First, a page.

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Introduction: Bully. Coward. Victim. The Story of Roy Cohn (03:30)

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The son of Julius and Ethel Rosenberg discusses why his parents were accused of stealing the atom bomb secret in what became known as the “atomic spies” case. Attorney Roy Cohn believes the death penalty was appropriate.

Cohn Interview (02:46)

Peter Manso interviews Cohn in 1980; he realizes his stereotyping of the attorney is inadequate. Cohn discusses using the "Achilles heel technique" and describes himself as a maverick.

Michael Meeropol's Initial Perspective (02:30)

The U. S. government accuses the Rosenbergs of giving Russia atomic bomb secrets. Meeropol reflects on Communism, David Greenglass' role in the Rosenberg case, and his first awareness of Cohn.

Cohn's Background (03:03)

Cohn discusses his college education, career, connection to Greenglass, and anti-communism pursuits with Joseph McCarthy. Journalists and authors share their viewpoints on Cohn's motivations and perspective.

Targeting Jews and Homosexuals (05:14)

Cohn claims the Communist Party is not a political party. McCarthy claims homosexuals are a danger to America. Cohn and G. David Schine examine libraries for Communist books. Implications of the relationship between Cohn and Schine present a risk to Cohn's career.

Cohn in New York (03:36)

Cohn returns to a lucrative law practice and befriends members of the Democratic leadership. Cohn celebrates his birthday with the elite. Cohn's cousins discuss his desire to do better than his father and describe him as the personification of evil.

AIDS Memorial Quilt (02:26)

Meeropol and his daughter Ivy talk about the impact of seeing a square for Cohn. Tony Kushner talks about his connections to Cohn and Nathan Lane remarks on Cohn's dichotomy.

Cohn's Clients and Connections (05:13)

Cohn makes high profile contacts at the El Morocco. Cohn reflects on his professional appeal and working with Donald Trump; Roy settles nearly 75% of his cases out of court. Cindy Adams recalls her working relationship with Cohn.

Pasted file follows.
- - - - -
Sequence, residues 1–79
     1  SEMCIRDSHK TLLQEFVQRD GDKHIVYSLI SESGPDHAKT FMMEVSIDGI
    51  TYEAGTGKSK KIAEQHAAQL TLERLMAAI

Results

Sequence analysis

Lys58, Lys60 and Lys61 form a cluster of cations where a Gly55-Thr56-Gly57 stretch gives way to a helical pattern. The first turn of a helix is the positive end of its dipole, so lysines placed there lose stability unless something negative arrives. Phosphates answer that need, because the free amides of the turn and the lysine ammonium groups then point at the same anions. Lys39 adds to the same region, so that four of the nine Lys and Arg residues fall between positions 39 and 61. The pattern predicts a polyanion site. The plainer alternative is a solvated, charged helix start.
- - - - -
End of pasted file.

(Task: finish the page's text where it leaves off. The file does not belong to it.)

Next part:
Cohn's Lifestyle (04:30)

Former driver Peter Allen states that Cohn had no clear boundary between his personal and professional lives. Cohn leads a lavish lifestyle but has no assets and no credit cards because of his animosity toward the IRS.

Criminal Figures (04:00)

John Klotz creates a taskforce on Cohn in 1979; Cohn is a hidden investor in several businesses including parking lots. Experts discuss his connections to the mafia and Trump.

Rosenberg Children (03:04)

Meeropol describes his life as extraordinarily normal with his adoptive family. In 1973, he and his brother Robert fight to clear their parents 'name.

Cohn's Sexuality (06:50)

Cohn frequents Studio 54 where sex and drugs are prominent. Cohn hides his sexuality, announcing an engagement to Barbara Walters. Ryan Landry recalls his encounters with Cohn.

Provincetown, Massachusetts (06:51)

Cohn describes himself as a private person. Manso discusses the surprise that Cohn would visit the leading summertime gay community. Locals recall the open use of cocaine.

Pursuit of Justice (03:37)

Thirty years after the Rosenberg trial, questions about their guilt remain. Meeropol continues to pursue justice for his family, even appearing on a televised debate with Cohn.

Cohn and Politics (05:05)